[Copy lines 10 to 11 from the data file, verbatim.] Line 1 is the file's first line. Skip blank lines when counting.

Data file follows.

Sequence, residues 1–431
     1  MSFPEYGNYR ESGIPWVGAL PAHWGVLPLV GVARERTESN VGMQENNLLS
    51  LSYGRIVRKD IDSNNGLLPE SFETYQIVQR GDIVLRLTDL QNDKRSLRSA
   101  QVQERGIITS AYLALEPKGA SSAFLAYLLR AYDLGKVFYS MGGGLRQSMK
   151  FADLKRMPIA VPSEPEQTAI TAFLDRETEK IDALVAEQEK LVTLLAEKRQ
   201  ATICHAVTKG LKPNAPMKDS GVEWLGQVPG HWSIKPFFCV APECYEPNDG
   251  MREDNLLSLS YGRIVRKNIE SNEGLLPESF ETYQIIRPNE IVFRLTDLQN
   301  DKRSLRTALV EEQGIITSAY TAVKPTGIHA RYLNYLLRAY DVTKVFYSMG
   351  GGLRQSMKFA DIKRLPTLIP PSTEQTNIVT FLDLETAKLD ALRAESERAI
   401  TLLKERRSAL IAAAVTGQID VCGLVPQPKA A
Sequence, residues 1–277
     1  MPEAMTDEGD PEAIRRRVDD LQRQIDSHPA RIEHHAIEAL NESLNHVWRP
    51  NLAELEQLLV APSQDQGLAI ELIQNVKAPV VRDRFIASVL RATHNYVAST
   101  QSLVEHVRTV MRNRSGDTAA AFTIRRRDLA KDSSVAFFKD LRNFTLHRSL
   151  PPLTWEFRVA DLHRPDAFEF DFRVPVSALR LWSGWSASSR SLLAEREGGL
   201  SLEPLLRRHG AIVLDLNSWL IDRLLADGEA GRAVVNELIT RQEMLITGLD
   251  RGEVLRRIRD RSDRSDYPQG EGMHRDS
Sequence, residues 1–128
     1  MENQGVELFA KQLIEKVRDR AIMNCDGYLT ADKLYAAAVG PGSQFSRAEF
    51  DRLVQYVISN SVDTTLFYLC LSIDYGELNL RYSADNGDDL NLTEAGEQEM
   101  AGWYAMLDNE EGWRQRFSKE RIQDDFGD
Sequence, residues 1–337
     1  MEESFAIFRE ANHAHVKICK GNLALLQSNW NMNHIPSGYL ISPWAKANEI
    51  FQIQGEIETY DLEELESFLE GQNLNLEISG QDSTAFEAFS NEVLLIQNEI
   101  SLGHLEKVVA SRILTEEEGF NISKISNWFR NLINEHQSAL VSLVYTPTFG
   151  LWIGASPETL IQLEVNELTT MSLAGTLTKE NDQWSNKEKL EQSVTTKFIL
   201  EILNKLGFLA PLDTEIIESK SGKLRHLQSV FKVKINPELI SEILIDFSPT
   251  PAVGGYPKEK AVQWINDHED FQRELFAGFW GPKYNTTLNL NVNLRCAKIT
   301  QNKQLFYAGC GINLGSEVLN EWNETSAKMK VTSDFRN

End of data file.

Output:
   401  TLLKERRSAL IAAAVTGQID VCGLVPQPKA A
Sequence, residues 1–277